Bob Franken

RECKLESS AND FECKLESS

FROM KING FEATURES SYNDICATE
By Bob Franken

RECKLESS AND FECKLESS

During the chaotic withdrawal from Afghanistan late last month, the Biden administration had a tragic humiliation on its hands: 13 U.S. servicemen and -women killed, along with nearly 200 Afghans, as well as a large number wounded. All were victims of a suicide bomber sent by an organization that is an enemy of both the United States and the Taliban.
“We will not forgive. We will not forget.” President Joe Biden ratcheted up his sternest face and told the terrorists on worldwide television, “We will hunt you down and make you pay.”
A few days later, a U.S. drone fired a missile into a car driving near Kabul’s airport, an attack which Joint Chiefs Chairman Gen. Mark Milley at the time described as a “righteous strike.” The U.S. initially claimed the car had been part of a second attempt to bomb evacuees.
But a New York Times analysis challenged that, and finally Gen. Frank McKenzie, commander of the U.S. Central Command, which covers Afghanistan, admitted the strike was “a tragic mistake.”
“I am here today,” Gen. McKenzie said, “to set the record straight and acknowledge our mistakes.”
It ended up being that 10 civilians were killed, including seven children and the adult driver of the harmless car. He turned out to be an employee of an international aid group.
Whether the newspaper forced the Pentagon’s disclosure or whether an independent investigation did, Defense Secretary Lloyd Austin ordered his own probe:
“I have asked for this review to consider the degree to which the investigation considered all available context and information.” It was clearly digging further into a series of tragic mistakes.

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POLITICAL PASSWORDS

FROM KING FEATURES SYNDICATE
BY BOB FRANKEN

POLITICAL PASSWORDS

Microsoft announced recently that starting today individuals using their various accounts won’t need to use passwords. Big bloomin’ deal! If you were underwhelmed by that declaration, you were probably aware that passwordless access has been available for Microsoft’s corporate clients since March.
More importantly, various competitors have offered such features as fingerprint recognition, facial recognition, odor recognition (best used with a dog), driverless cars (best used with a driver; they have a tendency to have accidents), and now cashierless grocery stores where Amazon is making everyone happy (except cashiers and shoplifters).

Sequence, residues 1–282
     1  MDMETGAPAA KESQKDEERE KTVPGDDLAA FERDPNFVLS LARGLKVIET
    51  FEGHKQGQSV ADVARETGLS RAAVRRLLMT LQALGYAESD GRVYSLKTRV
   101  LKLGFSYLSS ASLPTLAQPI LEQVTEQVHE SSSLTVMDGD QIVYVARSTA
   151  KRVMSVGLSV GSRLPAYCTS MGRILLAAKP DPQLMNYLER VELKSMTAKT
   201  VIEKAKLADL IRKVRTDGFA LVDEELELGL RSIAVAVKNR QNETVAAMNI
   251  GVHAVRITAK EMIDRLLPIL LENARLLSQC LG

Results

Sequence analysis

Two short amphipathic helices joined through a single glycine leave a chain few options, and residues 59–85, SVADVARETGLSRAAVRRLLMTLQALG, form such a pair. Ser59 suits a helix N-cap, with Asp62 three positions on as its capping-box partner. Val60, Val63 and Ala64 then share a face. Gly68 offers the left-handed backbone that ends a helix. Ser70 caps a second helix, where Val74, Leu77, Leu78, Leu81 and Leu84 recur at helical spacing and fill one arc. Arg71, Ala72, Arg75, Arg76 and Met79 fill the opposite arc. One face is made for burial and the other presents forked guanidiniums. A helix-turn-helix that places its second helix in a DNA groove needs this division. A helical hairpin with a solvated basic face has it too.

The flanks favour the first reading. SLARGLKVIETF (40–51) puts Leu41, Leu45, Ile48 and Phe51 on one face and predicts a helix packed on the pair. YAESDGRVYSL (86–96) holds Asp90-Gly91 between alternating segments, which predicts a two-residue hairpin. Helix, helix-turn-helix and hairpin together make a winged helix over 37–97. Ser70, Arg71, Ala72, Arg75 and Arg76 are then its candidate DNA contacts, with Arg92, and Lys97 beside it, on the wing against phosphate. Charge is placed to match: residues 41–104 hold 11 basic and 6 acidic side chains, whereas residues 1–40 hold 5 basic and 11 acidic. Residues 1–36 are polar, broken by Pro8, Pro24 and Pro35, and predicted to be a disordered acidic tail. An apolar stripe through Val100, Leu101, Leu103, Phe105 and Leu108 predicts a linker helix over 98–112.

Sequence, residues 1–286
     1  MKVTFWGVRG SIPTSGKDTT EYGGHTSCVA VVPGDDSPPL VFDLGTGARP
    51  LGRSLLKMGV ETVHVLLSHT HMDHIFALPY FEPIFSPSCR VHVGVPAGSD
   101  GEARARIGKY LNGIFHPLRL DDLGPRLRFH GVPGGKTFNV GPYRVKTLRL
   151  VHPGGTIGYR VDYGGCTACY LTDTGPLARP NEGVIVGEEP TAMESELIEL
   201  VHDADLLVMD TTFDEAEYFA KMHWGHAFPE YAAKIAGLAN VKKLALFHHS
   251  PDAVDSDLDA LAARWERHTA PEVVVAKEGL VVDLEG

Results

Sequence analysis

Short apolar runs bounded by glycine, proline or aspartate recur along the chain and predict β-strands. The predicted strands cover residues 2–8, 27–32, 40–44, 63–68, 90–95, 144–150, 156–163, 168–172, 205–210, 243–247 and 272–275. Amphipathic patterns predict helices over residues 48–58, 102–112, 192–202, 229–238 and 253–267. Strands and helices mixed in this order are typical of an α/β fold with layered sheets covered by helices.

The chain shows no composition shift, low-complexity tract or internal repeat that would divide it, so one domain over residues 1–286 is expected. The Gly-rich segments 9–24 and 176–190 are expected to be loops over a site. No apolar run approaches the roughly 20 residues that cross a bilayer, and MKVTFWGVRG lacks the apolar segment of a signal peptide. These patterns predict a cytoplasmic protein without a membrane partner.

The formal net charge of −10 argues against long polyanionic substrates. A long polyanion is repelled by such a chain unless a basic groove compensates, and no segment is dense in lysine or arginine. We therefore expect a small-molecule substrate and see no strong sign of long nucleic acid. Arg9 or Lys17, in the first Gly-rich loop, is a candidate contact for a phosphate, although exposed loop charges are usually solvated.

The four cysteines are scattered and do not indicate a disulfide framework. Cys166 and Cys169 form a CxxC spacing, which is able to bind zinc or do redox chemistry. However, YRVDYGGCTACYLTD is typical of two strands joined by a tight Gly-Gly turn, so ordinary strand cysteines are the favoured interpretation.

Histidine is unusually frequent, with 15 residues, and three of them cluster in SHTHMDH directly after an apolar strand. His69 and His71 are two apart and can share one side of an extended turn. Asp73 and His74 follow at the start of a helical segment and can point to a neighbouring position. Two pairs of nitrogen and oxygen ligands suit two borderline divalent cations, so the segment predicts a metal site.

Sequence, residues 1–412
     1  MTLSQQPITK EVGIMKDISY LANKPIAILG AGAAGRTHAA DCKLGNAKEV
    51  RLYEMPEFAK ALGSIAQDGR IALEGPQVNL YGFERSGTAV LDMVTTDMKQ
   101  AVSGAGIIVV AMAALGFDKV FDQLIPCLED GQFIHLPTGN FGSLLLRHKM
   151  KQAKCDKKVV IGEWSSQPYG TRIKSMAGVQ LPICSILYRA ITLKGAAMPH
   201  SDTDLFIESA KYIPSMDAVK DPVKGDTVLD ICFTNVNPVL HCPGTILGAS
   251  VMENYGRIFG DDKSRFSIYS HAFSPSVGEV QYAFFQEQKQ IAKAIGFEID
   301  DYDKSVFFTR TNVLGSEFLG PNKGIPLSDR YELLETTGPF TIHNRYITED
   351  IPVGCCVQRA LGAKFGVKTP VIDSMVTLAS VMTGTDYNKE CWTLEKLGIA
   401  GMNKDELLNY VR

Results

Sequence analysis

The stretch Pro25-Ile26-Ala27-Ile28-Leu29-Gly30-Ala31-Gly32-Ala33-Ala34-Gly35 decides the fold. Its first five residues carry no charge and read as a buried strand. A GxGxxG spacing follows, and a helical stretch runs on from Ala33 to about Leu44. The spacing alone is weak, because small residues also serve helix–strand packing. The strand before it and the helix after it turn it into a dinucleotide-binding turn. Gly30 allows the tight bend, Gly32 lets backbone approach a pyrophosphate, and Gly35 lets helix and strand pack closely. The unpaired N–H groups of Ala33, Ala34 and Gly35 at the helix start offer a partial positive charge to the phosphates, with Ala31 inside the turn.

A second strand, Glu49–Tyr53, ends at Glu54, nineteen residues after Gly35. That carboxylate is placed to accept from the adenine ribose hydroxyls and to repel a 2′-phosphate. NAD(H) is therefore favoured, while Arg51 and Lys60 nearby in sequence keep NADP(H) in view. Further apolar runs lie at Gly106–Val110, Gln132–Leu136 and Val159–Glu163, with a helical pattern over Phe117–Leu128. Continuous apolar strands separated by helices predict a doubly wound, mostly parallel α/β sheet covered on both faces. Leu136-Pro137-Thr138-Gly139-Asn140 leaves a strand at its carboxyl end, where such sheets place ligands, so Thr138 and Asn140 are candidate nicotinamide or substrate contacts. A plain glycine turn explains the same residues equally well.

And speaking of meaningless exercises, here’s another case in point: the California recall election scam (a redundancy), which was accompanied by the punditocracy filling the void with words, proving that Aristotle was right: “Nature abhors a vacuum.”

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LEE’S WRONG WAR

FROM KING FEATURES SYNDICATE
BY BOB FRANKEN

LEE’S WRONG WAR

Donald Trump and the Republicans (pardon the redundancy) have figured it all out. They win their elections, even if they lose. Trump is fresh off his polling “steal” in 2020 and looking forward to the California recall balloting this week. He predicted, in a Newsmax interview, that Gov. Gavin Newsom and his Democrat thieves have “probably rigged” the voting.
The state GOP Trumpettes are already screaming fraud, even though all the ballots aren’t in yet. It’s getting so we don’t even need to have elections. Beforehand, the losers can charge hanky-panky of some sort, and then those losers can hold a violent invasion of the state or national capital, in this case, Sacramento. Then the election is tainted forever, at least in the minds of some gullible voters.
In fact, let’s not stop with elections. How about wars? The Taliban didn’t just take over Afghanistan, particularly after they were run out 20 years ago. After the United States spent more than $2.25 trillion — $300 million a day — and thousands upon thousands of lives were lost, it was all for naught, rigged. We shouldn’t have bothered.
For an explanation, it’s Donald Trump to the rescue once again. We just had the wrong people leading the charge all along. He was equating the lost cause in Afghanistan to another “Lost Cause” war 160 years ago, the Civil War, the War Between the States, where Gen. Robert E. Lee led the troops of the Confederate army against the Union soldiers. They were fighting for the Southern way of life, including slavery.